The commutation capacitors hereof are called on for just one times the instantaneous load current plus the sinusoidal component during commutation. The invention commutation circuit returns any unused commutation energy to the commutation capacitor, recharging this capacitor with the correct polarity for the following commutation pulse. In particular, this energy circulation does not involve the DC link or source 16, 18 (note sinusoidal current component 61 of FIG. 3a.) Hence, high current, high-frequency spikes are minimized on the DC link. In summary, the inverter commutation circuit hereof represents a simple, economically attractive design which provides a reduced stress environment for the SCR or semi-conductor components, and exhibits high efficiency with low commutation energy storage requirements.

What is claimed is:

1. A polyphase inverter system to operate in the range between and including a no-load condition through an overload condition at a predetermined output frequency comprising:

each said commutation controlled rectifier to fire it and thereby directly discharge its associated a plurality of power phase circuits connected to a common direct current source; a power control rectifier in each phase circuit;

circuit means for selectively commutating each said said inductor individually connected to the corcapacitor to in turn electrically interact with'the.

controlled rectifier and tum in OFF rapidly to thereby end its firing period in response to a control signal,

responding power controlled rectifier to effect a requisite hold-off period thereon and end its firing cyclel said circuit means comprising an individual com- 2.'A polyphase inverter system as claimed in claim 1, mutating inductor connected in series between a' wherein one main electrode of each said commutation main electrode of each said controlled re tifi l controlled rectifier is electrically connectedjwith the and directly from the direct current source, the individual inductor at its associated power controlled other main electrode of each c ntr ll d ifi rectifier connection end,-whereby said inductor softens connecting to it out u phase i l f h the rate of rise of reapplied voltage to both its corsystem, responding said power and commutating rectifiers.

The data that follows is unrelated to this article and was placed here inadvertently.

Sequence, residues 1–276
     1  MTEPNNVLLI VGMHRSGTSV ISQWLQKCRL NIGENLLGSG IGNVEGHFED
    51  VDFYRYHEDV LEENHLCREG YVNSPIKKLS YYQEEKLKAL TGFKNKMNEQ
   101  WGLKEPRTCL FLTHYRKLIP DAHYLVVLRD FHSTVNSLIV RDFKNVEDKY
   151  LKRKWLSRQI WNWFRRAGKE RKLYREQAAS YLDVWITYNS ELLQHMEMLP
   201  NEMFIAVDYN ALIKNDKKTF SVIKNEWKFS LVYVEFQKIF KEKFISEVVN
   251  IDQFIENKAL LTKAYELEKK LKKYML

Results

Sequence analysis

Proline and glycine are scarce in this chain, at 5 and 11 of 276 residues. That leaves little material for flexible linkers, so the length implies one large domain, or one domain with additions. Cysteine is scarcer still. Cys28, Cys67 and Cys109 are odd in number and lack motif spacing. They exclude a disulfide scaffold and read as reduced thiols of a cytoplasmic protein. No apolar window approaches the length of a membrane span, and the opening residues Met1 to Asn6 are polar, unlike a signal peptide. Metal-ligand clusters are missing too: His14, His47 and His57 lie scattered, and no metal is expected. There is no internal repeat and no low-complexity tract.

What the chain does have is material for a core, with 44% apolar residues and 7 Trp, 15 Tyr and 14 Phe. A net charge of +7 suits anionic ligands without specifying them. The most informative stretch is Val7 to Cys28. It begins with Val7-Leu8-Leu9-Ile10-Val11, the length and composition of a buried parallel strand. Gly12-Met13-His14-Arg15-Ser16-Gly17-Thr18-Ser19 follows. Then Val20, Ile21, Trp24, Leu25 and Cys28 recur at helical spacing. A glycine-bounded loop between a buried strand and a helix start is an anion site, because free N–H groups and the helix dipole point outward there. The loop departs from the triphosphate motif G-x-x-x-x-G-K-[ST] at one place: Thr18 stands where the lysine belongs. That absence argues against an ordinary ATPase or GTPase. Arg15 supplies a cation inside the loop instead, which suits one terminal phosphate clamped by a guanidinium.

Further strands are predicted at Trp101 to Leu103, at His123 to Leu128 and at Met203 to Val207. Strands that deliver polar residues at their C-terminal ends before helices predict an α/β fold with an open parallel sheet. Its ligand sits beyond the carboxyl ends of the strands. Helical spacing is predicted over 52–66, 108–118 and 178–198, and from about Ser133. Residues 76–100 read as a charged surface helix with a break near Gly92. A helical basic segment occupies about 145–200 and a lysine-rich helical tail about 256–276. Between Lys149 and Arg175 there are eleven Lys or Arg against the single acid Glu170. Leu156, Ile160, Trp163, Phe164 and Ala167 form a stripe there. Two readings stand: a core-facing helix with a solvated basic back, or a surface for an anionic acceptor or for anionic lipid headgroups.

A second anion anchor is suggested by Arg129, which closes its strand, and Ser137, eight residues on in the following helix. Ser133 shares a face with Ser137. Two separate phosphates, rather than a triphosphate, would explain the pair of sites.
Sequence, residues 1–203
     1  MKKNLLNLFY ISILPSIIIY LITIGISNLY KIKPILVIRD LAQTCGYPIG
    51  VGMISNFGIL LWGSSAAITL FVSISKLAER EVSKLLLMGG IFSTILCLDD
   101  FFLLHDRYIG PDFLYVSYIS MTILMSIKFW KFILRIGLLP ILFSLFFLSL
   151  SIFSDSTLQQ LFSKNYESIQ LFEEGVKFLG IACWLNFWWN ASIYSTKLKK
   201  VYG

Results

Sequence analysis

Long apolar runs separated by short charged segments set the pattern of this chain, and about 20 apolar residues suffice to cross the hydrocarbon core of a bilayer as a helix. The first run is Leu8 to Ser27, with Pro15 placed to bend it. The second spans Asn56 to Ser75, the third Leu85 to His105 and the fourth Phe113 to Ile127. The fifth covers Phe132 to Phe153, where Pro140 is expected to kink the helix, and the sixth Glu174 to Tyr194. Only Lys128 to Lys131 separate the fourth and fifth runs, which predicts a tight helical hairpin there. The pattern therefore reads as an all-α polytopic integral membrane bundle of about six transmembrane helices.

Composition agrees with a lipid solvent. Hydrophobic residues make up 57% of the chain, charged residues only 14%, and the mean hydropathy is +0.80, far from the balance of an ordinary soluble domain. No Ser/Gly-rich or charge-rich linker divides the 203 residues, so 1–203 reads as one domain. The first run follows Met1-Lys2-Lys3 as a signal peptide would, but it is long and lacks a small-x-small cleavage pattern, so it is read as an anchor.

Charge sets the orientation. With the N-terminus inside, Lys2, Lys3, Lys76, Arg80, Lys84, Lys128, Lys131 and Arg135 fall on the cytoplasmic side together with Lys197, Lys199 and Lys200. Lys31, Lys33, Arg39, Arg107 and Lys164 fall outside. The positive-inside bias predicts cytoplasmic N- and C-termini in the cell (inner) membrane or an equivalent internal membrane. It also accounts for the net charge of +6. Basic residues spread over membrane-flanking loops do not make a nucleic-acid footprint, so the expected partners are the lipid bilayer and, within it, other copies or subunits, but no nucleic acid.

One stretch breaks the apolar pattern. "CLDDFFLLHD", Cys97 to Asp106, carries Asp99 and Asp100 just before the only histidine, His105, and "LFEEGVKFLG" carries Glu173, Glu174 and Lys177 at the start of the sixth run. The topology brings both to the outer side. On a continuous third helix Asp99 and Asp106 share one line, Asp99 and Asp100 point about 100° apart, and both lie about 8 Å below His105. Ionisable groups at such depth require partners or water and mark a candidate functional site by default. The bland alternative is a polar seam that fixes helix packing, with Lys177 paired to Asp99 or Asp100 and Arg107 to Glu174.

' a commutation controlled rectifier in each in- A p yp inverter System as claimed ih claim dividual circuit with each said power controlled wherein the inductance and capacitance of each Said r ifi d a commutation capacitor f each, associated inductor and capacitor are proportioned to power phase circuit the main electrodes of each have a self'resohaht frequency that is substantially commutation controlled rectifier and its ashigher than the Power System output frequency the sedated capacitor being in Series connection verse of said frequency being equal to approximately and in turn connected directly across the main electrodes f its respective power controlled responding power controlled rectifier for positively rectifier; and shutting it means for selectively impressing gating pulses to four times the commutating hold-off period of its co r.

Patent Citations
Cited PatentFiling datePublication dateApplicantTitle
US3354370 *May 20, 1965Nov 21, 1967Gen Motors CorpElectrical inverter having separate shutoff power supplies
NL6510688A * Title not available
NL6515907A * Title not available
Referenced by
Citing PatentFiling datePublication dateApplicantTitle
US3902107 *Sep 26, 1974Aug 26, 1975Lorain Prod CorpCircuit for protecting series-connected switches
US4019117 *Sep 3, 1975Apr 19, 1977Siemens AktiengesellschaftCircuit arrangement for an inverter
US4156898 *Jun 15, 1978May 29, 1979Asea AktiebolagDC Convertor
US4174495 *Jun 30, 1978Nov 13, 1979Westinghouse Electric Corp.Static current limiting switch with soft forced commutation
US4215394 *Jun 29, 1978Jul 29, 1980Oxy Metal Industries Corp.Control logic for an inverter ripple controlled power system
US4218731 *Jun 14, 1978Aug 19, 1980Siemens AktiengesellschaftInverter comprising at least two controllable load thyristors
US4257091 *Nov 21, 1978Mar 17, 1981Kaufman Lance RElectrical power converter thyristor firing circuit having noise immunity
US4404512 *Mar 29, 1982Sep 13, 1983LearaviaMotor drive circuit
US4459531 *Jul 2, 1982Jul 10, 1984Limitorque LimitedPolyphase static inverter
Classifications
U.S. Classification363/138, 327/473, 327/472, 363/2
International ClassificationH02M7/505, H02M7/515
Cooperative ClassificationH02M7/5155
European ClassificationH02M7/515H2